Thursday, May 31, 2012

Passionfruit Tart with Lime Butter Pastry



I just love being able to make something with fresh produce from my own garden! Last week I had a HUGE bowl of passionfruit, desperately calling me to turn them into something deliciously sweet.  There were a few limes on the tree too, so I decided on a Passionfruit and Lime tart. I picked most of the limes off my tree as they were more yellow than green, then zested and juiced them to freeze for later.  I can't say that grating lime (or lemon) rind is my favourite thing to do.

I couldn't decide between a Passionfruit and lime tart or a Passionfruit flan with lime butter pastry. I really liked the idea of the lime pastry, and I didn't have double cream but did have light coconut cream, so I made a combination of both - a zesty lime sweet pastry for the shell, filled with a passionfruit-lime-coconut cream middle mm-mmmm!  I kind-of overbaked the pastry. I was bathing the kids and cooking dinner, rice. I could smell rice, but thought 'no, I've turned the rice off'. A good 20 minutes later I realised it was the rice in the shell that was blind baking. Oops! Chocolate shell? Now there's an idea.










My boys get really excited about the idea of dessert, but often don't want anything other than icecream or custard. The absolutely loved this ("can I have mine without the black bit, Mum"). Both wanted seconds. And thirds. Which was probably just as well, as I could have eaten half of it myself.

This recipe makes a really big tart, bigger than the quiche dish I own, so there was enough pastry left for a couple of mini's (which I didn't burn), and still some filling left over.



Passionfruit Tart with Lime Butter Pastry

Pastry
zest of one lime
1 egg yolk
2 tbsp water
225g (1/2 cup) plain flour
60g icing sugar
125g butter, chilled, chopped

Filling
200ml passionfruit pulp (about 10-15 smaller passionfruit)
2 tsp finely grated lime ring
40ml lemon juice
60ml lime juice
155g (3/4 cup) caster sugar
270ml tin light coconut cream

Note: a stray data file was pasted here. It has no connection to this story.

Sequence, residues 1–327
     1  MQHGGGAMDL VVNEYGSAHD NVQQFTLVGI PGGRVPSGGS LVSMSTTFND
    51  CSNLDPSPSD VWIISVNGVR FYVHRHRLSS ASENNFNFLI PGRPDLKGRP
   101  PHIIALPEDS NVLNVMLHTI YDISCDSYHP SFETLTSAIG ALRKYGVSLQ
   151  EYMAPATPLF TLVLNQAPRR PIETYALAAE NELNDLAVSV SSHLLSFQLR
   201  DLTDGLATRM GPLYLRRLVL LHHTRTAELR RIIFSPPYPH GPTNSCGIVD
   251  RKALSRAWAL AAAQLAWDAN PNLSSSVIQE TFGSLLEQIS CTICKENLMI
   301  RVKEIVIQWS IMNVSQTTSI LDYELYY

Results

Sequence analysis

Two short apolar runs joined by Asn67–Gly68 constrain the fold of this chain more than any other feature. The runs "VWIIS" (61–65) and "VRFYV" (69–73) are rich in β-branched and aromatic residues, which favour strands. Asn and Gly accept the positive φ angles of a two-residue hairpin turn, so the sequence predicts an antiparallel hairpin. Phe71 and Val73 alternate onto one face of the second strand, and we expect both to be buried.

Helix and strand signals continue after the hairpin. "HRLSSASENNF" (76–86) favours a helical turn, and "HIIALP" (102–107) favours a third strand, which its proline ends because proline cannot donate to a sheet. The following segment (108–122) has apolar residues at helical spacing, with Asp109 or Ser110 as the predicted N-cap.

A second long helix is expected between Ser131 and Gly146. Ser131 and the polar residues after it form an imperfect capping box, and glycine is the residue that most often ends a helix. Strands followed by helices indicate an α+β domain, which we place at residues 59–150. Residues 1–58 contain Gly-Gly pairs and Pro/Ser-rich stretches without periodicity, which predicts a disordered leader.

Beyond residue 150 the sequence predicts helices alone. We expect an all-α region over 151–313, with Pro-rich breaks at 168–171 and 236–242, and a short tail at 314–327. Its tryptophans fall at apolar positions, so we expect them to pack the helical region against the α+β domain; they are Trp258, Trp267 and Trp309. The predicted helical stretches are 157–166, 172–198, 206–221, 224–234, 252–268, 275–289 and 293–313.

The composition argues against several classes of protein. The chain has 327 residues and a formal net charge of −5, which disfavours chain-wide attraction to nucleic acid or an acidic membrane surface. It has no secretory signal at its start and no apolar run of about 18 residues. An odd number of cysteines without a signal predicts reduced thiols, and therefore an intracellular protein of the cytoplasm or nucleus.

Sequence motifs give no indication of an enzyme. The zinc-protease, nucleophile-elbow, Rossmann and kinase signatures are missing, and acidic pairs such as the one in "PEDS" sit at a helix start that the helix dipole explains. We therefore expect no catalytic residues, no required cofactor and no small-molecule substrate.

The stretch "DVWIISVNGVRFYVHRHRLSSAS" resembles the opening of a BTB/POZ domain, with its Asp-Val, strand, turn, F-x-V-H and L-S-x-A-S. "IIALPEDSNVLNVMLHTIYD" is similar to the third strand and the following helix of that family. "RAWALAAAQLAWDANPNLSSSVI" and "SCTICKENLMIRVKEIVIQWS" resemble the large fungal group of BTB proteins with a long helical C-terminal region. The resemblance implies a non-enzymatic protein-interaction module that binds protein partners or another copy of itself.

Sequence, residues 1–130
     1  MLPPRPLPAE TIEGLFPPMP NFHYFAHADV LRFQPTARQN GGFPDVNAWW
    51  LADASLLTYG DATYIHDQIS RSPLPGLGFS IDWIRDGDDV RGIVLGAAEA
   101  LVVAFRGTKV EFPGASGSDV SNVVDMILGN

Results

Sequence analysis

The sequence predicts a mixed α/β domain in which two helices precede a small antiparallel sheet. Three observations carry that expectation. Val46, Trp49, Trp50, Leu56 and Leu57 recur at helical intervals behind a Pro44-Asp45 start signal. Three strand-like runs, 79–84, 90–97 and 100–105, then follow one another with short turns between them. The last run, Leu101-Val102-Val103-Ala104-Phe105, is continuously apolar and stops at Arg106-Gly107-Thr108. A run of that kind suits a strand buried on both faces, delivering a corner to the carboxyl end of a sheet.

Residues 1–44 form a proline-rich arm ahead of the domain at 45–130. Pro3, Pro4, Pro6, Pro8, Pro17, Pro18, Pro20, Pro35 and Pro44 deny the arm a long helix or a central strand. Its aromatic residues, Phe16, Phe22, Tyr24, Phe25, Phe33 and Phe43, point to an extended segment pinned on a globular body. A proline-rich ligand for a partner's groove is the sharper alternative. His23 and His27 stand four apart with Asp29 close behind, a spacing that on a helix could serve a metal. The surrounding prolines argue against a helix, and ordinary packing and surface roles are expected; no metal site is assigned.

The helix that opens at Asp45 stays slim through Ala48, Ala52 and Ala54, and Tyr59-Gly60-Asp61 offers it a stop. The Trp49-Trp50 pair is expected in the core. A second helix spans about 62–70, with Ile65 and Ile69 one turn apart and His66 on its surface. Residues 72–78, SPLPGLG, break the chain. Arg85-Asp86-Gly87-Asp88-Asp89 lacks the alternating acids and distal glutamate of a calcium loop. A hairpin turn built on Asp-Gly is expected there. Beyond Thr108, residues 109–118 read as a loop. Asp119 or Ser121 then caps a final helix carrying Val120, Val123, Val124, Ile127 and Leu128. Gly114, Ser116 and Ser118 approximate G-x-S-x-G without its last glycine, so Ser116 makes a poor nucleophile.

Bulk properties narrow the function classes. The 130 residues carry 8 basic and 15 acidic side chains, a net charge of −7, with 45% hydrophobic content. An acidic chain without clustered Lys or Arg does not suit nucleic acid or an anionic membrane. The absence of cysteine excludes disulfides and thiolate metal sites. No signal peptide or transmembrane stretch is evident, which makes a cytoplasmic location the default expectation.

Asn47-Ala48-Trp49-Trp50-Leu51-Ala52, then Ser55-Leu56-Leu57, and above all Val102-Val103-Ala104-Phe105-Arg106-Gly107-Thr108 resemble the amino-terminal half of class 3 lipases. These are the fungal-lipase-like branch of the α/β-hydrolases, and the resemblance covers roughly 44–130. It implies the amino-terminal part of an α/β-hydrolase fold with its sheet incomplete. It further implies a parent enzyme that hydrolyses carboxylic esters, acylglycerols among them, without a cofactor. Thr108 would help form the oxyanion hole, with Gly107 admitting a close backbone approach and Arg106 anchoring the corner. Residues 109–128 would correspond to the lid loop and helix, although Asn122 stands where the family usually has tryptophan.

6 eggs, lightly whisked

1. Process the flour, butter and icing sugar in a food processor until it resembles fine breadcrumbs. Add the lime zest and stir through. Add the egg yolk and water, processing until the dough comes together.  Cover in plastic wrap. Place in the fridge of 30minutes to rest.

2. Blitz the passionfruit pulp in a food processor for a few seconds, then strain it through a sieve. (the seeds wont be chopped up, it just separates the seeds from the flesh making it easier to strain).  Whisk passionfruit juice, lime rind, lemon and lime juice, caster sugar, coconut cream and eggs in a bowl. Place in the fridge 1 hr to chill. Add 1 1/2 tbsp seeds back to the mix. If you prefer, you could leave them out all together.

3. Meanwhile, preheat oven to 200C.  Roll out pastry on a lightly floured surface to a 4mm-thick disc.  Line a 3cm-deep, 23cm fluted tart tin, with removable base, with pastry. Or your quiche dish. Trim the pastry. Cover with non-stick baking paper and fill with pastry weights or rice (don't  use rice that you might want to cook afterwards). Bake for 10 minutes. Remove paper and pastry weights/rice. Bake for 8 minutes or until golden. Set aside to cool slightly.  Place tart on a baking tray.

4. Reduce oven temperature to 150C. Pour filling into the pastry case. Bake for 35-40 minutes or until just set. Set aside to cool. Place in the fridge for 1 hr to chill.